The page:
The future of leisure

The one constant in life is change. You know, day becomes night, the young become the old, luxuries become everyday items. I recall watching the Jetsons in my childhood, last century, and wonder how far from reality their world might be. Technology is constantly changing, who back in the 1980s  would have imagined an iPhone? So as we change, as we master technology, what does that mean for leisure in the future? I thought I might put together some ideas of what it may be like, or more so what it should be like.

As we embrace more advances in technology, you’d hope we’d work less, having more leisure time. Thus in a future society premised on a collective, egalitarian system, you’d hopefully only need to work a 10-12 hour week, with society being able to provide a guaranteed social wage, with access to education, healthcare and housing.  Everyone should be then able to take part in their choices of leisure, be it individual or team based. We would have moved on from concepts like worrying about a work-life balance, as the specific social conditions benefit our imagination and its actualisation.

Communal activities bringing people together, not to compete, but to participate, as well as being beneficial for your health would play a large role. Large multi purpose communal sporting complexes, where you can travel on your modern mode of transport would bring people together, enhancing both the individuals and the society.  Swimming, boxing, drawing, music, and many more leisure activities would be about  benefitting for the well being of the participants, and their society. Leisure activities would move beyond being commodities.

A focus on health prevention would be important. As a health worker I see advances in how disease are treated, I see wellness being something we should all have, though I see impediments that block all of us achieving our optimum health. A healthier society , with healthier diets, as we combine the best foods nature produces, along side advances in science,  would enable us to have healthy food intakes  allowing us to participate in beneficial leisure activities .

As a “Mug Punter”, you’d still be able to have a flutter, though I doubt that the corporate bookies would be here. I recall seeing cartoons from the start of the early 20th century where the ‘socialist bookmaker’ offers the same odds on all runners. I can’t see that as being part of a future non-hierarchical society.  The structure of sporting clubs be it football, cricket, etc is something I am unclear of. But remember, in the words of the Clash,  “the future is unwritten.”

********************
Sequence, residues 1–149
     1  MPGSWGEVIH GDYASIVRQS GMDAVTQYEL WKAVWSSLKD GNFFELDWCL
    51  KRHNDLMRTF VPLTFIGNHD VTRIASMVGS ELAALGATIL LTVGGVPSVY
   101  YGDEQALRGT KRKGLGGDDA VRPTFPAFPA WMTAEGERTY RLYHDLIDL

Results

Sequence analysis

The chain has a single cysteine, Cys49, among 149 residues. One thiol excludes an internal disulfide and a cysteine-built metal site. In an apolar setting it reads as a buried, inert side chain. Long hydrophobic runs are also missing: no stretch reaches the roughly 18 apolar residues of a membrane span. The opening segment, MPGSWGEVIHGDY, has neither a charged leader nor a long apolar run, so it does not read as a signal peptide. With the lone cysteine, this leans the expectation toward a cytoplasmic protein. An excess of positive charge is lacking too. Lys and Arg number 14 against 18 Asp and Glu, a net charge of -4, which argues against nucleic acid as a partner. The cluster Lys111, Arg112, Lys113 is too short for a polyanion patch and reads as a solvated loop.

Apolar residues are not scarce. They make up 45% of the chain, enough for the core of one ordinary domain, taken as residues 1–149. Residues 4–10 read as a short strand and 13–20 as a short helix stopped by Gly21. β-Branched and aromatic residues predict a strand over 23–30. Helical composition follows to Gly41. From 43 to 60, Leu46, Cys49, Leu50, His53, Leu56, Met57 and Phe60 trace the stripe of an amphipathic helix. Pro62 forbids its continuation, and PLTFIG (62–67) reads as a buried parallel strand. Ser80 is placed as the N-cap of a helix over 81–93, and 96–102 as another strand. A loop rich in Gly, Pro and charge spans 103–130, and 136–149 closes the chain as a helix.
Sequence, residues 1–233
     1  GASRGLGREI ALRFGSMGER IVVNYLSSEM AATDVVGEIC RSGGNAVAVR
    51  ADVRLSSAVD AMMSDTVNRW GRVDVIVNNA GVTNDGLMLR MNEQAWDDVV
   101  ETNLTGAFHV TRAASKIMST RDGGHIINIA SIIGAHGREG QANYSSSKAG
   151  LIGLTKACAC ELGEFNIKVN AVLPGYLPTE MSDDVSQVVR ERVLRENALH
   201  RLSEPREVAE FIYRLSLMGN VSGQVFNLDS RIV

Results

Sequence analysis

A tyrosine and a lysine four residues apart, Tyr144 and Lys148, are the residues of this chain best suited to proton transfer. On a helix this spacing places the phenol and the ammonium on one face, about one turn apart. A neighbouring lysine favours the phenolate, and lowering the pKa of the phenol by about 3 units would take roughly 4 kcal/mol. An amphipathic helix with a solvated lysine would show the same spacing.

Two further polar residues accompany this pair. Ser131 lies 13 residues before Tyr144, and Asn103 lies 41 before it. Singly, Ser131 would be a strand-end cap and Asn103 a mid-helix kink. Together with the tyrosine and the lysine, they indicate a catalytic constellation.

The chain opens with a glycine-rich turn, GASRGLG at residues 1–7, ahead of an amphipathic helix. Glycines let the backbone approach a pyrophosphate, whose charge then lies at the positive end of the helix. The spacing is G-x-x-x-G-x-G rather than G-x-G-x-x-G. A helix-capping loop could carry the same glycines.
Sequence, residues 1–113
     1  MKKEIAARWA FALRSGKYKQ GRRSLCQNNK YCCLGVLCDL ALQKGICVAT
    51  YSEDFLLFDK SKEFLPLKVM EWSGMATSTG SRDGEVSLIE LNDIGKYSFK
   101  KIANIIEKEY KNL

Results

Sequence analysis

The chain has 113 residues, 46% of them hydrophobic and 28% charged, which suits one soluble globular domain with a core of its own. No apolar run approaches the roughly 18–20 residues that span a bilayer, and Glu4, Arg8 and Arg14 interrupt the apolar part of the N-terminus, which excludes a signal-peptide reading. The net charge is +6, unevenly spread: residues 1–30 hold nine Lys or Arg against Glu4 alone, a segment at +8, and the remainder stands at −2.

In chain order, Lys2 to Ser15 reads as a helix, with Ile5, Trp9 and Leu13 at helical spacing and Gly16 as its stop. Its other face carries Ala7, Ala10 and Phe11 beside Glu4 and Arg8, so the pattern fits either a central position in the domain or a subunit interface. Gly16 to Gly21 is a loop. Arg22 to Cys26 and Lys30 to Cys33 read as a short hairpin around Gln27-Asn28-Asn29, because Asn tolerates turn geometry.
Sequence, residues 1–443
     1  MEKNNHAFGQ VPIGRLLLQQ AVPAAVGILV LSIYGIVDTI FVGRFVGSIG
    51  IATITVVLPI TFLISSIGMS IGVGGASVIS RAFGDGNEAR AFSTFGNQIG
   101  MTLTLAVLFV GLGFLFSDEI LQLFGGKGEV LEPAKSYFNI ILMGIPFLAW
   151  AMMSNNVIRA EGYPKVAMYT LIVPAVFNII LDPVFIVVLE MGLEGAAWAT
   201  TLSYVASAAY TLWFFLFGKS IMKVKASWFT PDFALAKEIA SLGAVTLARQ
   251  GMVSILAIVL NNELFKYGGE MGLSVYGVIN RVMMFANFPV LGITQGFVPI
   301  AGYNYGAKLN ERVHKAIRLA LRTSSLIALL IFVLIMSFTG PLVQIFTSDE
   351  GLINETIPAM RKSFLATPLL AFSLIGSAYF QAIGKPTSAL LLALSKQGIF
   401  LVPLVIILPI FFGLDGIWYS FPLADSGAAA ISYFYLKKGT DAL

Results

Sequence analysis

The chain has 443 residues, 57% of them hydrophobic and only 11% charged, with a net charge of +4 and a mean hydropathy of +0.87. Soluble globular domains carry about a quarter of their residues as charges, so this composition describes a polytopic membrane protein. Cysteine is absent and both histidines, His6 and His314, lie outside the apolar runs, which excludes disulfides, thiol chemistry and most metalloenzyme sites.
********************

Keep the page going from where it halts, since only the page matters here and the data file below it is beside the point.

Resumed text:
“How unrealistic is this ? Many of what are essentials today, like phones, cars, and Saturdays off were once deemed luxuries. Everything changes and by utilising technology to work for us, we increase our leisure time. In a highly developed, non- hierarchical, social system where advances in technology mean work  can be reduced to tasks such as optimising 3D printers, or programming our robots, leisure will be pivotal.

These are some scattered ideas I have for a future. Sure the future might develop into the antithesis of this, you can’t have a blueprint, but looking at how societies have developed these ideas are more than some utopian dream.

Feedback ?

 

Glen!

Comments

  1. Luke Reynolds says

    A 10-12 hour working week would be fantastic for Test cricket, allowing spectators to attend or watch on TV all five days! Bring it on! T20 cricket could well be considered too ‘un-time consuming’ in this utopian future.

  2. Luke, always remember that wonderful adage: “The future is unwritten.”

    Glen!

  3. Hi Glen,

    I did read this whilst I was OS, but didn’t comment as my travelling iPad and I have a love/hate relationship when it comes to typing!

    I think that the key point you make is that there are multiple benefits from a more communal society, and sport can play a huge role in creating worthwhile and lasting connections – particularity across demographic, geographic, economic and racial boundaries.

    Personally, whilst we have more tools to allow this to happen, I don’t feel we are using our ‘powers’ wisely in this regard.

    I am very much in teh camp of growing the participation base, and that will lead to more and stronger elite performances and have the added societal and health benefits. I am not as great a believer in the trickle down effect as some others might be.

    Good stuff.
    Thanks
    Robbo

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